Age, Biography and Wiki
Alexander Mackenzie Stuart, Baron Mackenzie-Stuart was born on 18 November, 1924 in United Kingdom. Discover Alexander Mackenzie Stuart, Baron Mackenzie-Stuart’s Biography, Age, Height, Physical Stats, Dating/Affairs, Family and career updates. Learn How rich is He in this year and how He spends money? Also learn how He earned most of networth at the age of 76 years old?
|Age||76 years old|
|Born||18 November 1924|
|Date of death||(2000-04-01)|
We recommend you to check the complete list of Famous People born on 18 November.
He is a member of famous with the age 76 years old group.
Alexander Mackenzie Stuart, Baron Mackenzie-Stuart Height, Weight & Measurements
At 76 years old, Alexander Mackenzie Stuart, Baron Mackenzie-Stuart height not available right now. We will update Alexander Mackenzie Stuart, Baron Mackenzie-Stuart’s Height, weight, Body Measurements, Eye Color, Hair Color, Shoe & Dress size soon as possible.
|Body Measurements||Not Available|
|Eye Color||Not Available|
|Hair Color||Not Available|
Who Is Alexander Mackenzie Stuart, Baron Mackenzie-Stuart’s Wife?
His wife is Anne Millar
Alexander Mackenzie Stuart, Baron Mackenzie-Stuart Net Worth
His net worth has been growing significantly in 2022-2023. So, how much is Alexander Mackenzie Stuart, Baron Mackenzie-Stuart worth at the age of 76 years old? Alexander Mackenzie Stuart, Baron Mackenzie-Stuart’s income source is mostly from being a successful . He is from United Kingdom. We have estimated
Alexander Mackenzie Stuart, Baron Mackenzie-Stuart’s net worth
, money, salary, income, and assets.
|Net Worth in 2023||$1 Million – $5 Million|
|Salary in 2023||Under Review|
|Net Worth in 2022||Pending|
|Salary in 2022||Under Review|
|Source of Income|
Alexander Mackenzie Stuart, Baron Mackenzie-Stuart Social Network
His wife, the former Anne Burtholme Millar (died 2008), was known for her legendary parties, both in Edinburgh and Luxembourg. The Mackenzie-Stuarts had four daughters, all of whom survived both their parents. Anne Mackenzie-Stuart shone in her own right as chairperson of the Parent-Teacher Association of the European School in Luxembourg.
Alexander John Mackenzie-Stuart died on 1 April 2000, in Edinburgh, aged 75.
In 1989 he became the first President of The Academy of Experts continuing until 1992 when he was succeeded by Gordon Slynn, Baron Slynn of Hadley.
In recognition of his contribution to the work of the Court of Justice and to community law, he was created a Life Peer on 18 October 1988 as Baron Mackenzie-Stuart, of Dean in the district of the City of Edinburgh (his peerage, unlike his surname and Scottish judicial title, was hyphenated).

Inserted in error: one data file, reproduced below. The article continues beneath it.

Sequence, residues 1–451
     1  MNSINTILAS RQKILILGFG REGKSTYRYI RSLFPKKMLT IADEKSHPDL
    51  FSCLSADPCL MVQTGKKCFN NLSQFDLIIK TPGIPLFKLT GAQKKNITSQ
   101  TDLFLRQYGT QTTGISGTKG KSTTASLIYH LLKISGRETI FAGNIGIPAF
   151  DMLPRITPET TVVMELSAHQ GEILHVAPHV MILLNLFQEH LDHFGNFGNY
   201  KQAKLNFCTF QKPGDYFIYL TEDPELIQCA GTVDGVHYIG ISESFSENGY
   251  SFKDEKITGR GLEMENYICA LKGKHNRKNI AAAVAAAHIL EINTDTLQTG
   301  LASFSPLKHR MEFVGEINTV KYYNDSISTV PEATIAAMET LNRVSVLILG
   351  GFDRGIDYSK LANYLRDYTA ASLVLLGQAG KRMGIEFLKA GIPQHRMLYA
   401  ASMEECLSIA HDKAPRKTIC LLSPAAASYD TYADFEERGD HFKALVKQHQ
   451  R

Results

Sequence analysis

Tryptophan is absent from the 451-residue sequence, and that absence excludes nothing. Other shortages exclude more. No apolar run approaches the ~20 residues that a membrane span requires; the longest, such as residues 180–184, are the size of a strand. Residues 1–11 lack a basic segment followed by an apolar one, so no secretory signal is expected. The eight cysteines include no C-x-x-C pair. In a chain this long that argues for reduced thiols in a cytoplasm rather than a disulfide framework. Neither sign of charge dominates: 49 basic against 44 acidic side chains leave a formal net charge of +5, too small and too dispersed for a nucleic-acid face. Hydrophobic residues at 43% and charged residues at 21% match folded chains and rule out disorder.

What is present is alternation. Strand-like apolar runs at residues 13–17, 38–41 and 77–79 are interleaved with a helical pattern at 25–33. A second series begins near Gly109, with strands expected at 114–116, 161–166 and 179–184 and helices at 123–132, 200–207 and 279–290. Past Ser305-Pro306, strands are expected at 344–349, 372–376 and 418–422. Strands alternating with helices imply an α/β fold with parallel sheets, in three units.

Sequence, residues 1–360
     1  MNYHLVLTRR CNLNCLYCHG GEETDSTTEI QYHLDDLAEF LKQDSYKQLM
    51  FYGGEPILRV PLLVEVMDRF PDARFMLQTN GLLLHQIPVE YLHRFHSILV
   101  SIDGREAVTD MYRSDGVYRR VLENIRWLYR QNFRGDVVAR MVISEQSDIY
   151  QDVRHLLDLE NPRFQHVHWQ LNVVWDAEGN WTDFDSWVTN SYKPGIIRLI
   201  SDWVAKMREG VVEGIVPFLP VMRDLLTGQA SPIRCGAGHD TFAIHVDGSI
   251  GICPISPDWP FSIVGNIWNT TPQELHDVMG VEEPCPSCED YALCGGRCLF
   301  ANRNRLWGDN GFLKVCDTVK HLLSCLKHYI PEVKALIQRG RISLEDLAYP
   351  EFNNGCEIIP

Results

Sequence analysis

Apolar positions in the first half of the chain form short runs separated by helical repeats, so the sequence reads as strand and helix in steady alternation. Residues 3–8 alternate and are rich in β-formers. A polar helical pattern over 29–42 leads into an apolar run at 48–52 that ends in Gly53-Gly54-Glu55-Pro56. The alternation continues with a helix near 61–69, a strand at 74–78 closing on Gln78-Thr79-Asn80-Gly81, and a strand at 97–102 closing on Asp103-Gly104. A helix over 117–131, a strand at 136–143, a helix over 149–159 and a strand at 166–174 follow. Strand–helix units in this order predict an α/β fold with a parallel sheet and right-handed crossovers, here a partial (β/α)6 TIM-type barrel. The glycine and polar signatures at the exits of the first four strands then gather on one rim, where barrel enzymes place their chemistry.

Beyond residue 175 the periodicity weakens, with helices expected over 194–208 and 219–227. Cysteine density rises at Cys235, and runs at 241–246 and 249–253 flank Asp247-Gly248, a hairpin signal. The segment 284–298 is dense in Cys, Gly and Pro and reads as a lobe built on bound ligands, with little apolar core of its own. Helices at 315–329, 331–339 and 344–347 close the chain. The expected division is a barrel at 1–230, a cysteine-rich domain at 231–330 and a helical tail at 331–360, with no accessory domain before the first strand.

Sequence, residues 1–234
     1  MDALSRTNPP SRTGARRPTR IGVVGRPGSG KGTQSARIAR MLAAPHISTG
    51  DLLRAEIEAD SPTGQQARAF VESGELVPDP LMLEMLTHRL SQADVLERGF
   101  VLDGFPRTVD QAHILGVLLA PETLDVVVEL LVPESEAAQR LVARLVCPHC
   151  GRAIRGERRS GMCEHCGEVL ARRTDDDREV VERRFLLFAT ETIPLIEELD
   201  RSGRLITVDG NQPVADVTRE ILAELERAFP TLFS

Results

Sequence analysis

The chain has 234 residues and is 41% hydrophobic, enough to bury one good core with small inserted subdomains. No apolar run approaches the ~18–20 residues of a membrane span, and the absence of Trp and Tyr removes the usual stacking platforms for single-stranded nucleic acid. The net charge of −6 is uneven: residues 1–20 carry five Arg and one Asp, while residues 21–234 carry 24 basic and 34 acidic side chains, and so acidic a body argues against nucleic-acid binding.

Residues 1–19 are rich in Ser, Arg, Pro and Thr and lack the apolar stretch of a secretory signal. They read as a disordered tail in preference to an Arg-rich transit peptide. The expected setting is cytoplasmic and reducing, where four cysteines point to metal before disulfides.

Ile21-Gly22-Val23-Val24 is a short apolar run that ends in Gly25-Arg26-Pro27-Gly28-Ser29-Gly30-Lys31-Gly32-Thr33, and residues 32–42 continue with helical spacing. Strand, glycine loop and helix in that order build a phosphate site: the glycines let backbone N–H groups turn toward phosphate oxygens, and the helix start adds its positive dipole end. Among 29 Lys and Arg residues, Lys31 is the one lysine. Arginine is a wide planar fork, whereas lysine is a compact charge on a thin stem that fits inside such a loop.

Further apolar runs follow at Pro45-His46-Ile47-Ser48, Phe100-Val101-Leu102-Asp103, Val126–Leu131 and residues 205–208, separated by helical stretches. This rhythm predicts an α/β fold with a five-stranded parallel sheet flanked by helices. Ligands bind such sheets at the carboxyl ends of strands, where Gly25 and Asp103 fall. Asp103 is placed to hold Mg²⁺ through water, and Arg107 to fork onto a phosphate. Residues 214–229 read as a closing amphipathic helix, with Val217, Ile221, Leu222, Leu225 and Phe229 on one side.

He was later elected by the College of Judges as the seventh president of the court – an office he neither sought nor wanted. He took over the presidency at a difficult time. By failing to nominate new judges, some governments were holding up the work of the court, whose workload was growing exponentially. Greece had joined in 1981, followed by Spain and Portugal in 1986, taking the number of official languages from six to nine.
The court building (“the rusty Palais” opened in 1972) was already too small, and some of the translators were working in prefabricated huts. Through quiet persistence with judges, staff, community institutions and national governments, the president ensured that the work got done, a new building was planned and the foundations were laid for a new court structure, involving the creation of a Court of First Instance.
In 1971 he was appointed Sheriff of Aberdeen and it was not long before he was appointed a Senator of the College of Justice, with the judicial title Lord Mackenzie-Stuart. He was then appointed, with effect from January 1973, as a Judge of the European Court. The Prime Minister and Foreign Secretary agreed that one of the posts in Luxembourg – Judge or Advocate General – would go to a Scots lawyer. Mackenzie-Stuart’s taste for European law had been whetted by his wife who studied for an LL.M. with Professor John Mitchell, and he was asked at an early stage whether he would like to be Advocate General. The judgeship was meanwhile offered to senior lawyers in London.
Mackenzie Stuart was admitted to the Faculty of Advocates in 1951 and quickly acquired a substantial practice, being appointed as Queen’s Counsel in 1963. In those days there was no specialisation and he was equally at home in the realms of trusts (on which his father had written the standard textbook), taxation and estate duty (as Counsel to the Revenue) and coal-mining accidents.
In 1942, Mackenzie Stuart joined the British Army, where he was commissioned in the Royal Engineers. After a short period studying the War Office Engineering Course at Sidney Sussex College, Cambridge, he was deployed throughout northern Europe on active service, mainly building bridges. In his speech on retirement from the Court of Justice in 1988, he spoke of the indelible effect at an impressionable age of seeing the ashes of the Ruhr. A staff post in Burma and a spell dismantling mines on the Northumbrian coast then followed, and it was only after the war was over that he returned to Cambridge on a law scholarship, taking first class honours in Part II of the Tripos in 1949, followed by an LL.B. with distinction at Edinburgh University two years later.
Alexander John (“Jack”) Mackenzie Stuart, Baron Mackenzie-Stuart (18 November 1924 – 1 April 2000) was a Scottish advocate and judge. He was the first judge from a United Kingdom jurisdiction to sit on the European Court of Justice in Luxembourg, later becoming its president.